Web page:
The Poor Caitiff. Chapter Two: On The Ten Commandments
36 min read
36 min read
A Man asked Christ what he should do to have the life that shall last forever, and Christ said to him, If thou will enter into everlasting’ life, keep the commandments. By this answer of Christ, each man may understand that there is no other way to heaven, without keeping these commands, and therefore each man and woman who desires speedily to come to that life, which shall last forever, let him do his business with all strength of body and soul to keep these commandments, and despise all sophistries and arguments of false flatterers and heretics, who both in work and word despise these commandments, and with false feigned arguments reply against simple men, saying that it is not lawful to be busy about the keeping of them; yea, and saying that it is necessary sometimes to break them. But as Jannes and Jambres, the philosophers of Pharaoh, withstood Moses, through their witchcraft, when he was about to deliver God’s people out of the thraldom of Pharaoh, so these men, confused in understanding, withstand true teaching, through which God’s people should be delivered out of the thraldom of the devil. But all their sophistries shall not serve them at the last; if they be not found keeping;, and in full will keep, these commandments of God; for all other ceremonies, without keeping these commandments, are nothing worth, as St. Paul witnesses.
Almighty God wrote ten commands in two tables of stone, in token that the hearts of his people were full hard to love him, and gave them to Moses, his servant, to teach them to his people. And he promised that those who would be obedient and keep them, should have his blessing-, and prosperity, and wealth, and they that would not, should have his curse, and great sorrow, and mischief, as it is expressed in the fifth book of holy writ.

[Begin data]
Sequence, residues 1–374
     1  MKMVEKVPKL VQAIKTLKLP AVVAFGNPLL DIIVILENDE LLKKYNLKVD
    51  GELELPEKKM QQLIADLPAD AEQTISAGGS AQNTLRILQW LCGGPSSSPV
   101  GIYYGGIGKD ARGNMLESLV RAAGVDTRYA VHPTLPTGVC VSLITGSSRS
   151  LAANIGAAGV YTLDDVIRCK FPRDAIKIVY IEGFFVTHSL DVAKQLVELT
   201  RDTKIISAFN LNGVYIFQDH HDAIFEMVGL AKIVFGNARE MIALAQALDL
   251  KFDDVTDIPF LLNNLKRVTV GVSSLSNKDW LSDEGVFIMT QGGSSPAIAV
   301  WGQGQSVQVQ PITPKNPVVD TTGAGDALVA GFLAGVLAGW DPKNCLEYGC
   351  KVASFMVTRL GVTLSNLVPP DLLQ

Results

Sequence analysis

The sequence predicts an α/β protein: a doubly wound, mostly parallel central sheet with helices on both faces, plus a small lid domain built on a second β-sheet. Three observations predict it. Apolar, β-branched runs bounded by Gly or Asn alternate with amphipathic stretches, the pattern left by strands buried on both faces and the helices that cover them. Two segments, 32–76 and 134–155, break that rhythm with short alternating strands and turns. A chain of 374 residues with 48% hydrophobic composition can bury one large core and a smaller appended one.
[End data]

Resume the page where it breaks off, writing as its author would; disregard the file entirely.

Three [four] commandments were written in the first table, and seven [six] in the other. The three [four] first teach how men should love God, and the other seven [six] teach what man should do to his fellow christian, and what he shall not do. And these commandments are so hard knitted together, that he who loves God fully, loves his fellow Christians, and whosoever loves not them, he loves not God. For whoso loves not his neighbour whom he may see with his eyes, how may he love God whom he sees not? as St. John saith.
The first command, God commands in these words; saying, ” I am thy Lord God, that led thee out of Egypt, out of the house of thraldom, and bondage. Thou shalt not have strange gods before me. Thou shalt not make thee a graven image, neither any likeness which is in heaven above, and which is in the earth beneath, nor of those things that are in waters under the earth. Thou shalt not pray to them, nor worship them in soul. I am thy Lord God, a strong jealous lover; visiting the wickedness of fathers on the children, unto the third and fourth generation of them that hate me; and doing mercy unto a thousand of them that love me, and keep my commandments.”
Our Lord God said all these words, and they are charged with more wisdom than we can tell. As for the first clause, we shall understand that almighty God chose the children of Israel, who came of Isaac, Abraham’s son, and of Jacob his son, before other nations, and said that they should be his people, and he would be their God. For to their forefather Abraham, and to his lineage, God promised to give the land of promise, by which is understood the land of bliss, that is, heaven.
And God suffered his people for their sins, to be in great thraldom in the land of Egypt under king Pharaoh, and they cried to God often, to bring them out of that mischief; and so he did at the last, for he had compassion upon them, and sent his servant Moses, and Aaron his brother, to Pharaoh king of Egypt, that he should deliver God’s people, and lie would not. But Moses, by the teaching of God, wrought such wonders before Pharaoh, that at last, by the might of God, he delivered God’s people. And Moses led them over the Red Sea, as a dry way, the water standing upright on either side of them, in the manner of two walls, and they went over dry. And soon after, Pharaoh, fervent in envy, gathered together his host, and pursued God’s people into the Red Sea. And when they were entered, he and all his host, by the same way that the people went, God made the water to pass forth in its usual course, and drenched Pharaoh and all his host; and God brought his people over, safe, into the desert. And for this wonderful work, and many more, they were commanded to worship him for their God, and no other.